The cyclical nature of the Wheel of the Year is reflective of that old saying, “…with no beginning, and never ending.” Growth follows birth, decline follows growth, death follows decline, and rebirth follows death. While there are many ways to subdivide the Wheel, one of the most common is to break it into Quarters and Cross Quarters. Solar festivals and season festivals. Planting and harvest. Life and death.
We have just passed through the solar festival of Litha, midsummer. The longest day of the year. The modern calendar places this holiday as the beginning of summer, with the hottest days still to come. Within Wicca though, we mark it as the apex of the God. Moving forward from this point, while great things still lay in store, inevitable decline is the order of the day. As the poet notes:
Things fall apart. The center cannot hold.
Mere anarchy is unleashed upon the world,
The blood-dimmed tide is loosed, and everywhere
The ceremony of innocence is drowned;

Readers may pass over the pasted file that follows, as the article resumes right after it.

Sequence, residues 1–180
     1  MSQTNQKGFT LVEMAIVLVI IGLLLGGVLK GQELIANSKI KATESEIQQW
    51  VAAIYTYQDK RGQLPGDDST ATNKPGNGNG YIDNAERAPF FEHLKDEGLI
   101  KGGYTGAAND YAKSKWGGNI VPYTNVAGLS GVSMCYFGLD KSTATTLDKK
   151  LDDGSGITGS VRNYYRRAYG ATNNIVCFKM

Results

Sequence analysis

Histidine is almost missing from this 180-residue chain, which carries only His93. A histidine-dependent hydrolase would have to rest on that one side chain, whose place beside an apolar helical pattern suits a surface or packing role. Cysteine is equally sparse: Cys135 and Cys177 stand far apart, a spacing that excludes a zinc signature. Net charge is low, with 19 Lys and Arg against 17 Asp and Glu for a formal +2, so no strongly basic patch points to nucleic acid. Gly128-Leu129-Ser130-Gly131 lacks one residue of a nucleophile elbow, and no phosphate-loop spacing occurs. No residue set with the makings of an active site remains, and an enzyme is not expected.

The best lack all conviction, while the worst
Are full of passionate intensity.”
-Yeats, The Second Coming
Litha is a time of celebration, filled with the abandon that is only found when the inevitable decline is still over the horizon. The golden days of summer feel as if they will last forever, and no one will ever grow old.
At the height of this revelry though is the reminder. The year is a wheel in constant motion. Every point has its counterpoint. In time all things will pass, and all things will come again.
The abundance of midsummer must be balanced against the scarcity of midwinter. The God triumphant must be weighed against the Goddess, deep within the Earth, nurturing incipient life against the cold of the grave.
With Litha now behind us, we walk with the God as his decline begins. It isn’t readily apparent yet, as close as we still are to the height of midsummer. Yet if we pay attention, we will see the signs. The quality of the day will lose its balance, trading pleasant warmth for oppressive heat. Plants nurtured through gestation and growth will move towards harvest, and the decay that follows. On the horizon, a wound is waiting for the God, a piercing blow that will shatter the illusion immortality of youth, and will mark the beginning of Wisdom.
That time is not this time though. For a while yet we can hold the youthful God in our thoughts and our hearts, and celebrate the strength that comes with him. So eat, drink, and be merry; and dance with the God and Goddess through each of the stations of the ever turning Wheel.
Post Litha 2017